The Front Line -- Film Review

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TORONTO -- Italian filmmakers are obsessed about the terrorist movements that flourished in their country in the 1970s and '80s, and Renato De Maria's new film "The Front Line" is part of that trend. Known in Italy as "the years of lead," this period exercises a fascination that seems irresistible to Italian intellectuals. Most of the time, however, this fascination ends by romanticizing the very figures the films set out to demonize.

In "The Front Line," however, while the group's escapades are inevitably dramatic and suspenseful -- after all, it's a feature, not a documentary -- director De Maria begins by having the real-life principal character, Sergio Segio, fully confessing his brutal crimes, and admitting that the entire movement was mistaken from the very beginning. This sets "The Front Line" apart and makes it, on those grounds alone, a very good movie. Enterprising distributors, festival programmers, and television buyers in all territories should give it a look, for it's one of the best of the lot, right up there with master Marco Bellochio's "Good Morning, Night" from 2003.

The film begins with the arrest of Sergio in Milan in 1983. He looks straight into the camera and explains the origins of the Front Line (La Prima Linea), which came later than the more infamous Red Brigades. He admits from the beginning all the guilt he now feels and how sadly mistaken the movement was about its relevance to the struggle of working-class people, in whose name it purported to carry on the often vicious struggle.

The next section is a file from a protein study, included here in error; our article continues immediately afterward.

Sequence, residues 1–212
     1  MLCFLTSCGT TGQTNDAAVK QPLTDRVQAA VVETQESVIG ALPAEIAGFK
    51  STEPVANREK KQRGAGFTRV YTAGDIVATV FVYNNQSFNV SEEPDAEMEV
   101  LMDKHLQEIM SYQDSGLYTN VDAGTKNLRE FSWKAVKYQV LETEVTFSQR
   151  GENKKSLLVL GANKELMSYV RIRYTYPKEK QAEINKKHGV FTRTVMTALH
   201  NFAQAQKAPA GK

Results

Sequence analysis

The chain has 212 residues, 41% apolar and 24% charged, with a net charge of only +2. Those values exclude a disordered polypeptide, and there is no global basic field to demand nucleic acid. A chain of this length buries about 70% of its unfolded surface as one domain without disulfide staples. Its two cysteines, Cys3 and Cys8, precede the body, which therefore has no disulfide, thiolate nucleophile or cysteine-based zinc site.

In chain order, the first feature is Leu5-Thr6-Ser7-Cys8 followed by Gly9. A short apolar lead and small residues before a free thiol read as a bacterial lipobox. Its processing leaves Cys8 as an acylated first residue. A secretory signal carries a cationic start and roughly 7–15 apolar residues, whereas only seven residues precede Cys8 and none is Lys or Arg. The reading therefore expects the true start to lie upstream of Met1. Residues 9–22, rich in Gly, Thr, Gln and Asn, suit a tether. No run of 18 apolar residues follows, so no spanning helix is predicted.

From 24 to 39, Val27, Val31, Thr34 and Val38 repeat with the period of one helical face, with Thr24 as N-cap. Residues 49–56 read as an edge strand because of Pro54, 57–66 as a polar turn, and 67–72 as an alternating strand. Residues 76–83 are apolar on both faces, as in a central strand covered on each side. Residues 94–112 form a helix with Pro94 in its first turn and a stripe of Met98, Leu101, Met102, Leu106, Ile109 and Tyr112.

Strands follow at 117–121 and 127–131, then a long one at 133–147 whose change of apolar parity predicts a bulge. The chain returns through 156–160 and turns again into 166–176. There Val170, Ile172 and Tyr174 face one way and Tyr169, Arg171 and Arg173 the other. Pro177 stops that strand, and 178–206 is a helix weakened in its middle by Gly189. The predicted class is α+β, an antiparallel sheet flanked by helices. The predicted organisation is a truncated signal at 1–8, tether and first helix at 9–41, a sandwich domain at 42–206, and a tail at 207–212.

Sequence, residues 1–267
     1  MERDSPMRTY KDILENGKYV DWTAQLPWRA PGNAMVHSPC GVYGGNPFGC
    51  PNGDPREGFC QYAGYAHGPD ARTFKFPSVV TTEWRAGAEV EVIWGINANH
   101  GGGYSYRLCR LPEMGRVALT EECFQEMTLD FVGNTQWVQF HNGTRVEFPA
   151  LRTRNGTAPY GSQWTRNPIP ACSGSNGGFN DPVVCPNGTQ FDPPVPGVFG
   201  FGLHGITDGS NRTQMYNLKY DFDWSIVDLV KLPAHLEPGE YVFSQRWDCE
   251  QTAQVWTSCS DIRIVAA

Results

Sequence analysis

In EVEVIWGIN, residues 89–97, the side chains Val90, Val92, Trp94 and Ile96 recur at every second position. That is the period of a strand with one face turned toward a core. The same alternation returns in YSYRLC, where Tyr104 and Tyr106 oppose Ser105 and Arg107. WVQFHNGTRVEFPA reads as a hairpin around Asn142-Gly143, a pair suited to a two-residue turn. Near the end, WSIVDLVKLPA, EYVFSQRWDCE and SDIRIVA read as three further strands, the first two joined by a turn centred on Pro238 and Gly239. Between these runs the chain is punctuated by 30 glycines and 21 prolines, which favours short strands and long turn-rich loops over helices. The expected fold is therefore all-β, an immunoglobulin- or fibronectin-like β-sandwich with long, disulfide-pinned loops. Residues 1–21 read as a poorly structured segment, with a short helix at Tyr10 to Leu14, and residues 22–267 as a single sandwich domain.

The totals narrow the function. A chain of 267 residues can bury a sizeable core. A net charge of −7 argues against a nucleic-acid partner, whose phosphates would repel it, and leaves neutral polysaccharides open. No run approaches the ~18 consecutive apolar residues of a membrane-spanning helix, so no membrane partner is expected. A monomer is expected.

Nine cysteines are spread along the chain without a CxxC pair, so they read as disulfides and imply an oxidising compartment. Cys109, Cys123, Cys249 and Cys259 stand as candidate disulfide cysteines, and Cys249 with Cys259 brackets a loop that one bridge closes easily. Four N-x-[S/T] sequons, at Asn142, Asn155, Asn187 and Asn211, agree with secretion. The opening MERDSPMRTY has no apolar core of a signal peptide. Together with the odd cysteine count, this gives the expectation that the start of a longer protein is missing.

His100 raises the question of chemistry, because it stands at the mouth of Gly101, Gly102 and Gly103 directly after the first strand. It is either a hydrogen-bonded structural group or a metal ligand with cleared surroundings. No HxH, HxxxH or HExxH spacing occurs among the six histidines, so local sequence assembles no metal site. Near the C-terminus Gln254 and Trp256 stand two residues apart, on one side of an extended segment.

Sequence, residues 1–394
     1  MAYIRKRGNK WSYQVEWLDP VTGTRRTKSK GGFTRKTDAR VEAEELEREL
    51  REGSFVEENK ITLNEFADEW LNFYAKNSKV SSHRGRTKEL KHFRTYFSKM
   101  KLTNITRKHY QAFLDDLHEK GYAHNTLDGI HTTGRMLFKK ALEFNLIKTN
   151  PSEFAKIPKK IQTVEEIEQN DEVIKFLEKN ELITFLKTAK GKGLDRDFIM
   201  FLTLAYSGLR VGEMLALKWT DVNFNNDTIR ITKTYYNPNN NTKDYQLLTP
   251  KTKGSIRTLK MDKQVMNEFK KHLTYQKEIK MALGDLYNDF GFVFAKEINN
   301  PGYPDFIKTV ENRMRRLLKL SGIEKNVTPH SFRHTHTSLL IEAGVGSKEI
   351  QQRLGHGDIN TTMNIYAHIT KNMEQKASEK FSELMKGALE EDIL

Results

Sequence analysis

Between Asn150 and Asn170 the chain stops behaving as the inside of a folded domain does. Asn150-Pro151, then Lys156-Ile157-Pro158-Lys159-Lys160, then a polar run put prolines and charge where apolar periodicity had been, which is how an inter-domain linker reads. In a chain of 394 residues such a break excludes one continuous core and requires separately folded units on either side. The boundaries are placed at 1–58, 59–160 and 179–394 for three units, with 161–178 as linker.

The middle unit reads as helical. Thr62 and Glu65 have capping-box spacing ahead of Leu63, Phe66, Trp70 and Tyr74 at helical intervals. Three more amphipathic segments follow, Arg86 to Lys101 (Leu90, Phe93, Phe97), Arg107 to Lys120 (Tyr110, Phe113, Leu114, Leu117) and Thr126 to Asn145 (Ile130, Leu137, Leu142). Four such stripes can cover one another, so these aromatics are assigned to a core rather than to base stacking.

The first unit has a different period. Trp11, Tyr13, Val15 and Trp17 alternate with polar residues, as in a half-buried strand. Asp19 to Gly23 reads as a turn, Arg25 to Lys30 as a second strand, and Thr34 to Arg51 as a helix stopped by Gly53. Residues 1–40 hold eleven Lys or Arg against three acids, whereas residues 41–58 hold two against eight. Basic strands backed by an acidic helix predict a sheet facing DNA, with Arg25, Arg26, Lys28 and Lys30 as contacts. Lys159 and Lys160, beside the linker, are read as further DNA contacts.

A flashback, accompanied by Sergio's voiceover, then takes us to the plan to free his lover Susanna Ronconi from prison, even though by then he had left the group and she had defiantly remained. Flashbacks within the overall narrative framework of the prison break take us through the organization of the group, the meeting of Sergio and Susanna, and the increasing violence of the group's methods.

De Maria wisely uses lots of archival footage throughout to anchor his fictionalized account in reality, and the two parts merge seamlessly, which is not usually the case. We come to understand that the love story is only a part of the overall picture, something that "humanized" them, in Sergio's important words, not the entire point of the story, as it would have been in a lesser, more overtly commercial film.

Most amazingly, they even have several conversations in which they and others actually argue about the pros and cons of political assassinations and other forms of violence, which really only ended up alienating those from whom they were seeking support. When Sergio finally decides to quit the group, it's because he feels that in the brutal killings -- of a well-liked judge and a young member of the group who gave information to the police -- they have completely lost their "humanity," unlike the oppressed workers themselves.

This is not to say that the film is burdened with long political debates. Quite the contrary. In fact, most of the time, Sergio, while still a militant, refuses to justify his actions to his parents or to his friends. Poignant scenes with both just before he is to commit his first murder are highlights of the film.

Venue: Toronto International Film Festival, Special Presentation
Production companies: Lucky Red, Les Films du Fleuve, RTBF
Sales: The Works International
Cast: Riccardo Scamarcio, Giovanna Mezzogiorno, Fabrizio Rongione
Director: Renato De Maria
Screenwriter: Sandro Petraglia, Ivan Cotroneo, and Fidel Signorile, based on the book Sergio Segio by Miccia Corta
Producer: Andrea Occhipinti
Director of photography: Gian Filippo Corticelli
Production designer: Igor Gabriel, Alessandra Mura
Music: Max Richter
Editor: Marco Spoletini
No rating, 100 minutes
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